Reducing scrap and risk at plastic facility

A leading plastics manufacturer needs a full, top-to-bottom technological makeover to update obsolete systems, improve efficiency and reliability, while reducing scrap and inaccuracies.

By Matt Cingcade December 2, 2022
Courtesy: Rovisys


Learning Objectives

  • A plastic manufacturer wanted to overhaul their legacy control system to reduce inefficiencies and waste.
  • The system integrator chosen for the project improved process control and information flow to provide real-time data through the enterprise resource planning (ERP) system.
  • The results were improved visibility in the manufacturing process and less need for manual intervention.

Asset management insights

  • Upgrading a legacy control system at any facility can be challenging because there often is little room for downtime. System integration and control system migration can be especially challenging in industries that are constantly producing and cannot afford delays.
  • Improving process and information flow, in this case, gave the plastics manufacturing a modern control system that provided data insights they couldn’t have before.

A global acquisition provided a Missouri-based plastic bag manufacturer the opportunity to upgrade its legacy controls and information infrastructure. The goal was to create a state-of-the-art, data-rich system that was up to the challenge of modern manufacturing.

Control system upgrade challenges

The plant requires precise timing throughout every step of its manufacturing process to keep product flowing. Any interruption in the process results in hours of downtime and requires manual intervention for equipment cleaning and system reset. Plus, incomplete batches are problematic, and effect customers downstream.

The legacy control system that had been running this process required continual operator interaction, resources and operator-hours to run. In this manual-labor heavy environment, inventory reconciliation was consistently 15 to 25% off, and the company was unable to consistently calculate the scrap that resulted.

To bring operations up to date, the company needed a system integrator with expertise to take on a massive overhaul of a supervisory batch implementation with a requirement for real-time, on-time delivery of product. After exploring the market and experimenting with integration competitors, the manufacturer found an integrator that possessed the required industry knowledge as well as extrusion and batch processing experience with large-scale migrations, which would be needed to make the project a success.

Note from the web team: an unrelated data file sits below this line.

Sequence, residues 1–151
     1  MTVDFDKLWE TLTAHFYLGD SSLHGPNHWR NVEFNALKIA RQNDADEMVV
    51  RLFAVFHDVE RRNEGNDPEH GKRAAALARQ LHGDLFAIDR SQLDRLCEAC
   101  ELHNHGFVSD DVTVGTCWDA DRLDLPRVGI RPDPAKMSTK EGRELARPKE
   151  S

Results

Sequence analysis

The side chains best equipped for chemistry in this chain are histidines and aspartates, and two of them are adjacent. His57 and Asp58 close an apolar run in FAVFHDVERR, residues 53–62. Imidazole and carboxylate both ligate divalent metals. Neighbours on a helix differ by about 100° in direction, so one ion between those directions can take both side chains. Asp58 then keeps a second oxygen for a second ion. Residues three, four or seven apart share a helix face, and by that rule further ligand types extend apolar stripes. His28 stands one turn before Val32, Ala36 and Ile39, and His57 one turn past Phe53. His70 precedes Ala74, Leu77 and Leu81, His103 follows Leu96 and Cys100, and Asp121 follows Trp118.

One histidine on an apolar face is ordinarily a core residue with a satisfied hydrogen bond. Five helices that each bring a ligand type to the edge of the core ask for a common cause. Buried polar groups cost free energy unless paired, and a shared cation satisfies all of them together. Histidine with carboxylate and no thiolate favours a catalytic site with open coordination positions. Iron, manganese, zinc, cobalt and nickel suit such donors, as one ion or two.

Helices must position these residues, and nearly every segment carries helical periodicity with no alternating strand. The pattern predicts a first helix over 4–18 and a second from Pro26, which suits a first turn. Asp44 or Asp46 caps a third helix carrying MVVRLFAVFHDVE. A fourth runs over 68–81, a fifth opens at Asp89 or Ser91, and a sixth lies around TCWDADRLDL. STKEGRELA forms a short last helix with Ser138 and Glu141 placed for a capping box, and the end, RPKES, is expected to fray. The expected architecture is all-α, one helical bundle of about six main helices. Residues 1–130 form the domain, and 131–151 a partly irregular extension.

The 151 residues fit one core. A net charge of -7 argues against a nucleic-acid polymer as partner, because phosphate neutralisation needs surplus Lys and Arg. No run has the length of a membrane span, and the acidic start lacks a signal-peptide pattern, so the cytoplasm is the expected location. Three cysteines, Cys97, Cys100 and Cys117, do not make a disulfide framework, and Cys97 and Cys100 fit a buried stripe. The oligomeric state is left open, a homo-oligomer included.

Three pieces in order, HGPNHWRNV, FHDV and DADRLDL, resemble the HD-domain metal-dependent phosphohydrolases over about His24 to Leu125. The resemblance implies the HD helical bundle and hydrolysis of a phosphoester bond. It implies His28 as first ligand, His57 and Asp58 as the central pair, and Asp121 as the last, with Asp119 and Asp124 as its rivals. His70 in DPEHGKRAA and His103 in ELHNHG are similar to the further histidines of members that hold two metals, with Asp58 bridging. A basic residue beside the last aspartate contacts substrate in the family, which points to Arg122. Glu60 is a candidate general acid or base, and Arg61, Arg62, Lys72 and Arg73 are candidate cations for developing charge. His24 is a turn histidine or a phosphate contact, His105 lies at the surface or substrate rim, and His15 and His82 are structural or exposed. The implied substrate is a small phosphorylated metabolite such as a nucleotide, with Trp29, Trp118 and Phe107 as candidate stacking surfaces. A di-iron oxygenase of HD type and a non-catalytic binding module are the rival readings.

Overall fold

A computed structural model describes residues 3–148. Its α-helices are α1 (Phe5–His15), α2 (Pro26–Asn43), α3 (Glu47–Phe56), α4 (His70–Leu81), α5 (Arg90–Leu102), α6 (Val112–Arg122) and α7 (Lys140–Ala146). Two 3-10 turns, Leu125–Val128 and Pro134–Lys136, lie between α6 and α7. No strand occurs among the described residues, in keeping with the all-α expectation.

Beyond the automation implementation, the system integration project included assessing the existing system, gathering of project requirements, providing design guidance and strong project management to ensure that the final solution met the entire working group’s needs.

Two-part control system upgrade

The enterprise-wide nature of the effort made the initial assessment phase critical. With so many stakeholders, the first steps of requirements gathering, problem identification, site survey, interviews, and collecting information set up a foundation to build the right solution.

All stakeholders were interviewed: global IT personnel, operators, plant floor staff, supply chain and raw materials experts, maintenance workers and managers. Using interview information and other information, a comprehensive plan in two parts was developed.

  1. Process control:  The integrator crafted a supervisory batch solution around the challenges of the fast-paced resin delivery system, comprised of many shared pieces of equipment. Modern fault tolerant network topologies, connected devices, and distributed I/O were deployed to create a solid basis for robust operations and to enable continuous information flow. Leveraging the plant floor’s infrastructure and the simplicity of the ISA-88 model, the integrator established an efficient and straight forward means for the convergence of the plant floor real time data with the enterprise resource planning (ERP) system.

  2. Information flow:  The integrator also designed and developed a data communication protocol using XML and RESTful web services to receive production orders, recipes and inventory data from the company’s ERP system. Inventory consumption data from production would be automatically reported back to the ERP system to allow for accurate inventory tracking without any user interaction.

Project results

Once each component of the modernized solution was tested and ready, the integrator worked directly with the plastics manufacturer to roll out the solution with as little disruption as possible. A five-day window was allotted to get the first production line operating. The integrator was able to bring the first line up in just three days, and within five days, five out of six of the total lines were running on the new system.

With the solution in place, the plastics manufacturer saw quick resolution of its key issues. There was complete visibility into overall manufacturing process with traceability to each individual material in every batch. Legacy components also had been eliminated, which reduced the risk of potential downtime due to obsolete parts and manual intervention.

Matt Cingcade is director, chemicals and specialty chemicals, RoviSys. Edited by Chris Vavra, web content manager, CFE Media and Technology,


Keywords: process control, enterprise resource planning, ERP


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What challenges can you overcome by upgrading a legacy control system?

Original content can be found at Control Engineering.

Author Bio: Matt Cingcade is director, chemicals and specialty chemicals, RoviSys.